Irish Open crowd phones it in on a buzzing opening day

Mobile phones were all the buzz in the days leading up to this week’s Irish Open but the only sounds puncturing the quiet of the tenth tee early yesterday as a trio of Irish players got their rounds under way was the birdsong from beyond the surrounding dunes.

The River Bann flowed lazily along to one side and the waters of the North Atlantic Ocean lapped gently onto the shore of the nearby Strand as Shane Lowry, Graeme McDowell, and Pádraig Harrington took their first swings between eight and half-past.

So much for Lowry’s prediction of a golfing apocalypse brought on by a soundtrack of bleeps and clicks, one delivered on the back of the European Tour’s relaxation on rules regarding the use of phones for photos and a competition offering prizes for the best of them.

A first for the tour, it was a policy writ large on signs around the course. “Mobile phone photography is permitted ALL DAYS in all areas of the course. Mobile phone video capture is allowed ALL DAYS in non-competition areas only.”

It’s golf, Jim, but not as we know it.

“Ridiculous,” Lowry had said. It would be “carnage”, he warned.

Such emotive words seemed superfluous amid the assiduous silence of the early-morning few. It was broken only when an on-course reporter spoke too loudly into his microphone.

Media be damned, eh?

This is a tournament renowned for the volume of boots on the ground but turn up before the work day kicks in, regardless of whether the venue is north or south, and you are all but guaranteed a prime perch to watch some of the game’s finest do their thing.

There was no rush-hour traffic yesterday morning. More a trickle.

No more than a hundred early birds clustered around the breakfast brigades as they teed off and this despite the fact that the trio of ‘local’ attractions were joined by such luminaries as Justin Rose, Tommy Fleetwood, and the irrepressible Miguel Angel Jimenez.

The Spaniard never fails to make an impression. Virtually everyone inside the ropes merited a meaty handshake and a ‘hello’ on arrival before he strode forward and swung his driver back and forth with the rhythm and gusto of a Flamenco dancer.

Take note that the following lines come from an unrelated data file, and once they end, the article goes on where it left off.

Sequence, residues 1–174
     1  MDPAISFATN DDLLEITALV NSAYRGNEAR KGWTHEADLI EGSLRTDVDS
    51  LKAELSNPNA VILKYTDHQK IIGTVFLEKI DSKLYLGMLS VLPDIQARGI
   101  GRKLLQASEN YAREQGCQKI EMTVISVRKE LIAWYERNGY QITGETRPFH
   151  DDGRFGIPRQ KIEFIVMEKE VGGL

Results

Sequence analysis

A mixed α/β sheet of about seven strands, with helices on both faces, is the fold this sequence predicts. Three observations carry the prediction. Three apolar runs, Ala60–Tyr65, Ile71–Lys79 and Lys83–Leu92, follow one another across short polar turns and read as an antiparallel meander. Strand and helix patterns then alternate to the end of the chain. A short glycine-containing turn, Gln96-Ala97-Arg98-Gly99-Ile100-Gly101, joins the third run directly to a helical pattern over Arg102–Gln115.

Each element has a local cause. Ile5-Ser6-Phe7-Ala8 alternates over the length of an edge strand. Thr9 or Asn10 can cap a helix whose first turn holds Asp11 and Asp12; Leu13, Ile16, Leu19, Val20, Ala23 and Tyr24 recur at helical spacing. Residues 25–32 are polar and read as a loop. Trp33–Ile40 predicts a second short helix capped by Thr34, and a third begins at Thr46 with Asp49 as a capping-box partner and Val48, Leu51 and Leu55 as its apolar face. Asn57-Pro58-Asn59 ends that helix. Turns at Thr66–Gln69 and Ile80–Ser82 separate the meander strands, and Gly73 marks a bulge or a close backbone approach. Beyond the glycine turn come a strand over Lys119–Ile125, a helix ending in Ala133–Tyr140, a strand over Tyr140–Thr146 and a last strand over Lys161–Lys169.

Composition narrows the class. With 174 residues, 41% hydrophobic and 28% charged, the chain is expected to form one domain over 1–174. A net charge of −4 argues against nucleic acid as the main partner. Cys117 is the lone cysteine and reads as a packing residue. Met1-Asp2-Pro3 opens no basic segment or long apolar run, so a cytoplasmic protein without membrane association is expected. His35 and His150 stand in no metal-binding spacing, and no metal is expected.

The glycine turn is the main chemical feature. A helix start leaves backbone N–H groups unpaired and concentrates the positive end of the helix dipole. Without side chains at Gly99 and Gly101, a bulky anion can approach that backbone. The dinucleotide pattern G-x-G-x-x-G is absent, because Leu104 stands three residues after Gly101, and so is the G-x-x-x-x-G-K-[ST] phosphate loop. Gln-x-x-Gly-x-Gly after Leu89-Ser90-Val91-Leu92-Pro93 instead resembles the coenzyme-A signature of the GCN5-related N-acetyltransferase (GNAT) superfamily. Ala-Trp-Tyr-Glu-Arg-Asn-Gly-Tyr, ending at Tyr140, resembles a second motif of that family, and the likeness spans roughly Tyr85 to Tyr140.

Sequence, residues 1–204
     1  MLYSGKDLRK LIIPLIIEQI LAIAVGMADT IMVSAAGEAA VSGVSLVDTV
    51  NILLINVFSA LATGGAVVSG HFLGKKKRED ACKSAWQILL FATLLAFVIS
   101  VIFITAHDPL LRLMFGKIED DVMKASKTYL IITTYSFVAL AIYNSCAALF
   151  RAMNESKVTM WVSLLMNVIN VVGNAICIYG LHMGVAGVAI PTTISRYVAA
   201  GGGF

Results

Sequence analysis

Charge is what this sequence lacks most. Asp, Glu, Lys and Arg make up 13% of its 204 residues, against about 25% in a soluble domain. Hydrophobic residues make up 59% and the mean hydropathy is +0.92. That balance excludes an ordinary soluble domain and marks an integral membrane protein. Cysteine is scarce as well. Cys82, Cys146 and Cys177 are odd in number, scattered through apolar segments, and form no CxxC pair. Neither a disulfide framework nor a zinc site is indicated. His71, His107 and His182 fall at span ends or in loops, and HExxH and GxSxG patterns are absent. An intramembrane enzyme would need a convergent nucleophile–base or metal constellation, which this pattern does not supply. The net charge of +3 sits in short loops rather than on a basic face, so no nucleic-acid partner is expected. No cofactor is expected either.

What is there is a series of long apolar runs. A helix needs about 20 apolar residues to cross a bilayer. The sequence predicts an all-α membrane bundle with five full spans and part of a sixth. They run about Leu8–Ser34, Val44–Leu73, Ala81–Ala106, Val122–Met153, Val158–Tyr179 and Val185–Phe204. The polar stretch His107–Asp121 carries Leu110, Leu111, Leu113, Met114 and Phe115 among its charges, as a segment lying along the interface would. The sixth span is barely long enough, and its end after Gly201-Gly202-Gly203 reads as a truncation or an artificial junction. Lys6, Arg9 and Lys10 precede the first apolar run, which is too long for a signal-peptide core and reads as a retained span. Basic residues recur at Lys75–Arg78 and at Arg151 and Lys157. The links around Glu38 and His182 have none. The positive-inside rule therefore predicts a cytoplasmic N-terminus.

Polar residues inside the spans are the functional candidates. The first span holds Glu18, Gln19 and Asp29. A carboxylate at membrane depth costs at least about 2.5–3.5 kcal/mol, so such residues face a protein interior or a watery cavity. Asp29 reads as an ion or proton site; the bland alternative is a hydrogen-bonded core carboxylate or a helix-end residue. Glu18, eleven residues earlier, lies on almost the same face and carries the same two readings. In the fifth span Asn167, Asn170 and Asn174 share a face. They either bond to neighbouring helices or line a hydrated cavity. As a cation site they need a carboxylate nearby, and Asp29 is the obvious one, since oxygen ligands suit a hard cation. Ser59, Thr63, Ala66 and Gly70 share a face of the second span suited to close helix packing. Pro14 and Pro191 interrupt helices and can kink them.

The music was supplied elsewhere.

The European Tour has tried to jig things up with all manner of ‘modern’ ideas: Cue the strains here of U2 and Lynyrd Skynyrd wafting towards the recorder’s hut at the back of the 18th green yesterday as the players examined the entrails of their rounds.

Lowry had a pop at that sort of carry-on earlier this week too — when did he get old and grouchy? — but if he heard Bono crooning about life ‘With Or Without You’, then he hid it well. And those snap-happy punters? Had any forgotten to put their phones on silent?

“Only a couple,” he said with a knowing smile. “It was grand.” He didn’t exactly deny it when asked if his very public criticisms of a few days before had earned a frank talking-to by the tour’s blazers but it was the McDowell, Rose, and Fleetwood group ten minutes back and counting who risked a rap on the knuckles for slow play.

That’s golf for you. It can embrace all the technology it wants, book Niall Horan for every pro-am this side of Singapore, and throw in a kids’ zone, but that grand old tradition of the world’s best taking an eternity over a straightforward nine-iron remains a staple of the pro game.

“On 17 I was a bit uncomfortable on the tee shot and there was a couple of little distractions around the tee,” said Rose. “It was one of those situations where I may have backed off it. I wasn’t on the clock but I went with it and hit a poor shot. So it can have an effect.

“G-Mac and I, it was funny, we kept playing out of turn and the rules official must have been so confused,” the Olympic champion laughed. “It’s probably a great strategy if you are on the clock: Everyone just play out of turn and he won’t know what’s going on.” Hey, if it speeds things up then what’s not to like?

Boil it all down and there are a handful of very basic ingredients needed to make any Irish Open a success. Secure a decent course, preferably one with a pinch of breathtaking scenery, beg the gods for some blue skies, and pray that some of the Irish guys are in the mix come Sunday.

Day one delivered on all three counts.

Now, excuse us please while we edit all those selfies.


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